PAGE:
• Molecule of these substances binds with carrier protein.
• Some conformational change occurs in the carrier protein.
• Due to this change, the molecule reaches the other side of the
10. Facilitated diffusion from higher concentration (ECF) to lower concentration(ICF).
Stage 1. Glucose binds with carrier protein.
Stage2.Conformational change occurs in the carrier protein and glucose is
released into ICF
11. Factors Affecting Rate of Diffusion
• Rate of diffusion of substances through the cell membrane is affected by the
1. Permeability of the Cell Membrane
• Rate of diffusion is directly proportional to the permeability of cell
• Since the cell membrane is selectively permeable, only limited number of
substances can diffuse through the membrane.
• Rate of diffusion is directly proportional to the body temperature. Increase in
temperature increases the rate of diffusion.
• This is because of the thermal motion of molecules during increased
3. Concentration Gradient or Electrical Gradient of the Substance across the Cell
• Rate of diffusion is directly proportional to the concentration gradient or
electrical gradient of the diffusing substances across the cell membrane.
• However, facilitated diffusion has some limitation beyond certain level of
12. Factors Affecting Rate of Diffusion
4. Solubility of the Substance
• Diffusion rate is directly proportional to the solubility of
substances, particularly the lipid-soluble substances.
• Since oxygen is highly soluble in lipids, it diffuses very rapidly
through the lipid layer.
5. Thickness of the Cell Membrane
• Rate of diffusion is inversely proportional to the thickness of the
cell membrane. If the cell membrane is thick, diffusion of the
substances is very slow.
6. Size of the Molecules
• Rate of diffusion is inversely proportional to the size of the
• Thus, the substances with smaller molecules diffuse rapidly than
the substances with larger molecules.
13. Factors Affecting Rate of Diffusion
7. Size of the Ions
• Generally, rate of diffusion is inversely proportional to the size of the
• Smaller ions can pass through the membrane more easily than larger ions
with the same charge.
• However, it is not applicable always. For instance, sodium ions are smaller
in size than potassium ions.
• Still, sodium ions cannot pass through the membrane as easily as
potassium ions because sodium ions have got the tendency to gather
water molecules around them.
• This makes it difficult for sodium ions to diffuse through the membrane.
8. Charge of the Ions
• Rate of diffusion is inversely proportional to the charge of the ions.
Greater the charge of the ions, lesser is the rate of diffusion.
• For example, diffusion of calcium (Ca++) ions is slower than the sodium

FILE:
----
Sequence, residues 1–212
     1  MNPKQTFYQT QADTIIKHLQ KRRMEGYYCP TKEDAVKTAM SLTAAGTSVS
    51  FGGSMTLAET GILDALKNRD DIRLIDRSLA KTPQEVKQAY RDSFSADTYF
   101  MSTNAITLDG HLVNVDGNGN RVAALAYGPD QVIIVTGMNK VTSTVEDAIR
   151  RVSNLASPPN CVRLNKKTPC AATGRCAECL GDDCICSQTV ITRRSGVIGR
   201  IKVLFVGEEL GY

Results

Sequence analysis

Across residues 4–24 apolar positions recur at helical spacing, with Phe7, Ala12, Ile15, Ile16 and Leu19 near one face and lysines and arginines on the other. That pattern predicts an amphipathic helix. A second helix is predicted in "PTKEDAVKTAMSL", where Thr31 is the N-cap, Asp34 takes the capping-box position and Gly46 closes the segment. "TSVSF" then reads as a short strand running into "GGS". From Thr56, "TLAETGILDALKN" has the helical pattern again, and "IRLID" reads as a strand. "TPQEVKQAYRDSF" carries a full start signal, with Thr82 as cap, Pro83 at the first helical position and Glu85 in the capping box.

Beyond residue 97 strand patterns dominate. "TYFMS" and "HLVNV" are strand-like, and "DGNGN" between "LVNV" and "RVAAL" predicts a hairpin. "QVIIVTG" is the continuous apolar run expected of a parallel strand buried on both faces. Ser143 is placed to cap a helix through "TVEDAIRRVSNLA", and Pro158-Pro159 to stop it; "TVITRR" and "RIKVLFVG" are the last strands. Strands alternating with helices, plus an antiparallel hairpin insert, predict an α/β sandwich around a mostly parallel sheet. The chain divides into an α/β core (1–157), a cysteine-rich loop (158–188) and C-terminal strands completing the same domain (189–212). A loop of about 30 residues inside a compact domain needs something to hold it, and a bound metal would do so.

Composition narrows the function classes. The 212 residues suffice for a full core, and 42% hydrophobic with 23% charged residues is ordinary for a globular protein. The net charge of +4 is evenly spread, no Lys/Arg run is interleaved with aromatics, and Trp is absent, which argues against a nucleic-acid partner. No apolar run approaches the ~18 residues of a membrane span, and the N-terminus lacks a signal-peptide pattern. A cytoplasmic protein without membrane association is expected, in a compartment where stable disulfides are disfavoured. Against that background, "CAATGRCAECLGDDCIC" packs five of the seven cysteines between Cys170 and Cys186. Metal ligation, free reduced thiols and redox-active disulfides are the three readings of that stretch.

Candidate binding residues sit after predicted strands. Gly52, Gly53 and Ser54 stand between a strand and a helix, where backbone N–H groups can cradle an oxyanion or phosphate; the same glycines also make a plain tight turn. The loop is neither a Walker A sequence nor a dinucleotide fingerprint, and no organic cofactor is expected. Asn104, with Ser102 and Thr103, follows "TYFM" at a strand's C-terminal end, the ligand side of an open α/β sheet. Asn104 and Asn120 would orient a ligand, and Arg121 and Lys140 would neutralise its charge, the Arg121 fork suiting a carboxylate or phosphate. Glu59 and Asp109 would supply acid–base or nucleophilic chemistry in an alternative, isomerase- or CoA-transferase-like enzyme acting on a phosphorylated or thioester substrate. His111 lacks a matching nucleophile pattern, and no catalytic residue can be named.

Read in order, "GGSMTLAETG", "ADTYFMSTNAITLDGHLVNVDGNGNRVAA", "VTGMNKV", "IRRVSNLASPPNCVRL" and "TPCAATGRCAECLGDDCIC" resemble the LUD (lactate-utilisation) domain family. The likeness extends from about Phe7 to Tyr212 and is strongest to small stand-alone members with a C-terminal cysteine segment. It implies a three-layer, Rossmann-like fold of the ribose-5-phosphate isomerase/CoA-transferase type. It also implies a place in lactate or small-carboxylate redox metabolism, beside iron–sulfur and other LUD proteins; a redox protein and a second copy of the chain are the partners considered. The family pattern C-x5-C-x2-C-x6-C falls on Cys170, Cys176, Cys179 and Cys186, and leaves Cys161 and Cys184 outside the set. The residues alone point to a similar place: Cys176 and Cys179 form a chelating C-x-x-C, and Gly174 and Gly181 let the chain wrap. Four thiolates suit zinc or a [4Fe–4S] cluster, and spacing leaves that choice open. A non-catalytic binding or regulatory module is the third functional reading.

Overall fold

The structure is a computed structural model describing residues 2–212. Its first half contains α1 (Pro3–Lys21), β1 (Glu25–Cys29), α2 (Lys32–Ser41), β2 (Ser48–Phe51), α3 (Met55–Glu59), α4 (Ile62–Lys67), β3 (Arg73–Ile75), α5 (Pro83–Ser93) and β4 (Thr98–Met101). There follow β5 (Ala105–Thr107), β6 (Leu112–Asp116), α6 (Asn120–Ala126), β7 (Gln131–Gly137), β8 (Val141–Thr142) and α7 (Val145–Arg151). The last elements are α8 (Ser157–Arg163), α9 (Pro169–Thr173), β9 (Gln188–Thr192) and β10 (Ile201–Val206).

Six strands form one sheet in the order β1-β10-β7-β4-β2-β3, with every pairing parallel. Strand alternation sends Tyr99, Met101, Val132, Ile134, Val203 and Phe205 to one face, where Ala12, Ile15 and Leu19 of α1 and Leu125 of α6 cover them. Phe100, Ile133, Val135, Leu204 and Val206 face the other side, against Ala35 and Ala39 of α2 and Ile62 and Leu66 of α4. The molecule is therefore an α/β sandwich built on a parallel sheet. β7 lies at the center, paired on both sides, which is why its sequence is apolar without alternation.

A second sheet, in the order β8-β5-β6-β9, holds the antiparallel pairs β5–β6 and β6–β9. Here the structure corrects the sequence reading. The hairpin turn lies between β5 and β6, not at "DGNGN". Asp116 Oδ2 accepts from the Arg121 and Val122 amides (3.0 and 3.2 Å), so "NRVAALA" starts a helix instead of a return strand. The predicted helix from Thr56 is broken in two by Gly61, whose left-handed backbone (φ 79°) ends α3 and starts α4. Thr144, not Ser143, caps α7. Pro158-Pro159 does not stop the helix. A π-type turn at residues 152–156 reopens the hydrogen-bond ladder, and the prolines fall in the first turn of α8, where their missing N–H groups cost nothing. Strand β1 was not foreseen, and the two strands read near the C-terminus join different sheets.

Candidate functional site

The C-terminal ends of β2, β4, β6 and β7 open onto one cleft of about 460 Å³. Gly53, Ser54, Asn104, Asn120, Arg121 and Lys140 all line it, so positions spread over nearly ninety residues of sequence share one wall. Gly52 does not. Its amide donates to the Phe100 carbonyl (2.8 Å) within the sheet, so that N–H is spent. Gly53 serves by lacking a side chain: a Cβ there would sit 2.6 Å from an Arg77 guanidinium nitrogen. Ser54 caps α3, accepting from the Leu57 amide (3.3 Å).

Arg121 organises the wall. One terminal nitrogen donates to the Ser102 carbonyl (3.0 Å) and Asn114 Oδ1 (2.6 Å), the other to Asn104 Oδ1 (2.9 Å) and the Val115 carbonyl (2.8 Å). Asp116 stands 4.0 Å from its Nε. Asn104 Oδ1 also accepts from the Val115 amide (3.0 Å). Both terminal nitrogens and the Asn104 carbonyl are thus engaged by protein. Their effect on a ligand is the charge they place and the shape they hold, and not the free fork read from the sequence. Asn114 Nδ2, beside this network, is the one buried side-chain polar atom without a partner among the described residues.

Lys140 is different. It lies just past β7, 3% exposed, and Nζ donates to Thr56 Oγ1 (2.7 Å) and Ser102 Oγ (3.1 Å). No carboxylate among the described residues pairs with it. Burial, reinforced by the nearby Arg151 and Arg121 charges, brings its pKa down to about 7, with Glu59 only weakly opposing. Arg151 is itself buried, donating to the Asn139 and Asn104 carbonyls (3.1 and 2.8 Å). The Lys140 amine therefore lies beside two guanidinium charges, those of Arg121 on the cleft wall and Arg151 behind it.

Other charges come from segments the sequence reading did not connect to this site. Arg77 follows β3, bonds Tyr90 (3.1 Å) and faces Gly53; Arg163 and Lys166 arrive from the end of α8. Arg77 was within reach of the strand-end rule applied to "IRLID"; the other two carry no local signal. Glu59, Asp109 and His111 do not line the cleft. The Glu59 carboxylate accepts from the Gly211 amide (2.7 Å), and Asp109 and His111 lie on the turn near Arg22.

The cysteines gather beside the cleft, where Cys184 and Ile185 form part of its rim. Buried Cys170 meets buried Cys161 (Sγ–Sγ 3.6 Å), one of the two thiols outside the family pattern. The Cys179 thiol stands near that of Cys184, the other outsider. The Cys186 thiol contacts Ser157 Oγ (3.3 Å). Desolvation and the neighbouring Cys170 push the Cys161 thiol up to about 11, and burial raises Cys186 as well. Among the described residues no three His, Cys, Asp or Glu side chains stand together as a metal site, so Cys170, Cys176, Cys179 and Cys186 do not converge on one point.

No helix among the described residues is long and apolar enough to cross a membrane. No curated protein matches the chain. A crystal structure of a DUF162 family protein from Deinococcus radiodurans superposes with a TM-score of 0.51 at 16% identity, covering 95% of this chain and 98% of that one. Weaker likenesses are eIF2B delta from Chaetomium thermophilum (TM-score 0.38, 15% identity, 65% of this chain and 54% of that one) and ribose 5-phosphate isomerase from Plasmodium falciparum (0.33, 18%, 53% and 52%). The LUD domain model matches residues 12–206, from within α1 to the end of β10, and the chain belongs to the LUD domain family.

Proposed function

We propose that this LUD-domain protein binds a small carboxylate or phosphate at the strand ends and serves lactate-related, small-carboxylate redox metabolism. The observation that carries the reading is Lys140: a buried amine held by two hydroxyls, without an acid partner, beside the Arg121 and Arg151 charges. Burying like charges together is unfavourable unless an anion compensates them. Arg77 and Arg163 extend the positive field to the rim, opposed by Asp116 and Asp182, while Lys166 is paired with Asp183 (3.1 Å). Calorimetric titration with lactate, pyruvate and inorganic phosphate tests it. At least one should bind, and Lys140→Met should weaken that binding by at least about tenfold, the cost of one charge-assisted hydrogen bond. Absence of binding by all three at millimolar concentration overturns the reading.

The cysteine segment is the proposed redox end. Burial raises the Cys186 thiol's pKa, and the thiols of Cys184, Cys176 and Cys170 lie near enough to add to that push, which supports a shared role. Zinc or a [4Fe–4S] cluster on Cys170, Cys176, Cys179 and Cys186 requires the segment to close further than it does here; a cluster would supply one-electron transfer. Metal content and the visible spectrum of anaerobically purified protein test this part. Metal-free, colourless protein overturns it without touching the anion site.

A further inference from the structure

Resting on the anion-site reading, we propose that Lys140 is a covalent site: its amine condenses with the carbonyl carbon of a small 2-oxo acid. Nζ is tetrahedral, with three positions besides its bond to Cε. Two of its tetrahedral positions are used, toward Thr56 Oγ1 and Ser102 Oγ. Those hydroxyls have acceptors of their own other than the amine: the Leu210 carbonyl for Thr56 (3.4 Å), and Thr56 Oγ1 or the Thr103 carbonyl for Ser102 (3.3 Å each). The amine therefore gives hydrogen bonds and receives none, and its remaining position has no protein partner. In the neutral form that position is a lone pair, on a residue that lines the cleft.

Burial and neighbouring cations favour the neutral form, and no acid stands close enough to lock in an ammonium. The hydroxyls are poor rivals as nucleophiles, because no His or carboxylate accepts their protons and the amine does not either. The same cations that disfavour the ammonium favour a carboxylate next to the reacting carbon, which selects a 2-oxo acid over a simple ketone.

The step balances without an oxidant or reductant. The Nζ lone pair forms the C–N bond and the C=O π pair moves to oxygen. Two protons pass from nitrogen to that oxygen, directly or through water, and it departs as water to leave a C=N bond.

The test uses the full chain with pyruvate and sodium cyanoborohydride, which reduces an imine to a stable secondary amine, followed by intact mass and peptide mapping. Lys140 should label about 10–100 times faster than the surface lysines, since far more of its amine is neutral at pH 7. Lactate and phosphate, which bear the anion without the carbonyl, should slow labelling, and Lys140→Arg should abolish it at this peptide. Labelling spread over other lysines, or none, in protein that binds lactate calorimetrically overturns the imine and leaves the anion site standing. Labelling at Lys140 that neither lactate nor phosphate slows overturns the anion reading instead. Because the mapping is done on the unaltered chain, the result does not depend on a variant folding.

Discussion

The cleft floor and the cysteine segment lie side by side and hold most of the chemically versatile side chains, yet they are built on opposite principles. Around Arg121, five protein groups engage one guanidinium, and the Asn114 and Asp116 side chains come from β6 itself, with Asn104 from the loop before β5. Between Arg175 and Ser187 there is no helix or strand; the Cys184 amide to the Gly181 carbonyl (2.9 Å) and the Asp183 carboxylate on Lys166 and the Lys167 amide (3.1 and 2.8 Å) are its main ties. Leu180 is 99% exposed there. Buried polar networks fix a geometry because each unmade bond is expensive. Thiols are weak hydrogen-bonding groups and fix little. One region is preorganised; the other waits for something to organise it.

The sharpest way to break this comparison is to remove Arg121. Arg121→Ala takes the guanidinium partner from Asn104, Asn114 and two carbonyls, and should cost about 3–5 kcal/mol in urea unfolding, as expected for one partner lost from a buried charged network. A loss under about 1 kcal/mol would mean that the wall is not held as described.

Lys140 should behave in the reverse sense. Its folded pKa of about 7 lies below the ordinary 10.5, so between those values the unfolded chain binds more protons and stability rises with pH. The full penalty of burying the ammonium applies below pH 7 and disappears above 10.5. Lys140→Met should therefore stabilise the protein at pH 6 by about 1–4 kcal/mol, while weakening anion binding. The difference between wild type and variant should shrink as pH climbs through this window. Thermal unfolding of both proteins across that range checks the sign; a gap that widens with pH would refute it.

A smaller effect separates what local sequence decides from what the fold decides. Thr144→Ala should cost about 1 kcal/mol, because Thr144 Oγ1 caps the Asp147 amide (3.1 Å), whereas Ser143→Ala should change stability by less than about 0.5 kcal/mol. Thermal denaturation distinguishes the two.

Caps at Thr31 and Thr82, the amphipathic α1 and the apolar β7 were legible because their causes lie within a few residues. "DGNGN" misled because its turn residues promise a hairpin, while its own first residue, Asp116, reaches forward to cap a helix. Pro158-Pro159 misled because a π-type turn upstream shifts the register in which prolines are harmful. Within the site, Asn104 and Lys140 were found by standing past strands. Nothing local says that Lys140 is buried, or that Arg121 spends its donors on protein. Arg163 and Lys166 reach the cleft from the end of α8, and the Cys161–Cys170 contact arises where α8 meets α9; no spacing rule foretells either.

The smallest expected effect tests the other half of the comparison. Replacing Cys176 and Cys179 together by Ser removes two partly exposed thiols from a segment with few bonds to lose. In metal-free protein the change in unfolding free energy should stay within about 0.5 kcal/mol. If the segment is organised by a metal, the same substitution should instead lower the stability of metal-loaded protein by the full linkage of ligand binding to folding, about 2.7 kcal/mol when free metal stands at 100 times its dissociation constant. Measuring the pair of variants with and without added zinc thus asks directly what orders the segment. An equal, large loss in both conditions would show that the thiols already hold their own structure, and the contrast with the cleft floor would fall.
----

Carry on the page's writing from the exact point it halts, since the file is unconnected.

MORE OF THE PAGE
14. Special Types of Passive Transport
• In addition to diffusion, there are some special types of passive transport, viz.
1. Bulk flow
• Bulk flow is the diffusion of large quantity of substances from a region of high
pressure to the region of low pressure.
• It is due to the pressure gradient of the substance across the cell membrane.
• Best example for bulk flow is the exchange of gases across the respiratory
membrane in lungs.
• Partial pressure of oxygen is greater in the alveolar air than in the alveolar
• So, oxygen moves from alveolar air into the blood through the respiratory
• Partial pressure of carbon dioxide is more in blood than in the alveoli.
• So, it moves from the blood into the alveoli through the respiratory membrane
15. Special Types of Passive Transport
• Movement of water and solutes from an area of high hydrostatic
pressure to an area of low hydrostatic pressure is called filtration.
• Hydrostatic pressure is developed by the weight of the fluid.
• Filtration process is seen at arterial end of the capillaries, where
movement of fluid occurs along with dissolved substances from blood
into the interstitial fluid. It also occurs in glomeruli of kidneys
• Osmosis is the special type of diffusion. It is defined as the movement of
water or any other solvent from an area of lower concentration to an
area of higher concentration of a solute, through a semipermeable
• The semipermeable membrane permits the passage of only water or
other solvents but not the solutes.
• Osmosis can occur whenever there is a difference in the solute
concentration on either side of the membrane. Osmosis depends upon
osmotic pressure. 15
16. Osmotic Pressure
• Osmotic pressure is the pressure created by the solutes in a fluid.
• During osmosis, when water or any other solvent moves from the
area of lower concentration to the area of higher concentration,
the solutes in the area of higher concentration get dissolved in the
• This creates a pressure which is known as osmotic pressure.
Normally, the osmotic pressure prevents further movement of
water or other solvent during osmosis.
Types of Osmosis
Osmosis across the cell membrane is of two types:
1. Endosmosis: Movement of water into the cell
2. Exosmosis: Movement of water out of the cell
17. Active Transport
• Against the chemical/ electrical/ electrochemical
• Uphill movement
• Energy is obtained by breakdown of ATP
• It also needs a carrier protein.
• Actively transported substance- ionic and non
• Ionic form: Sodium, potassium, calcium,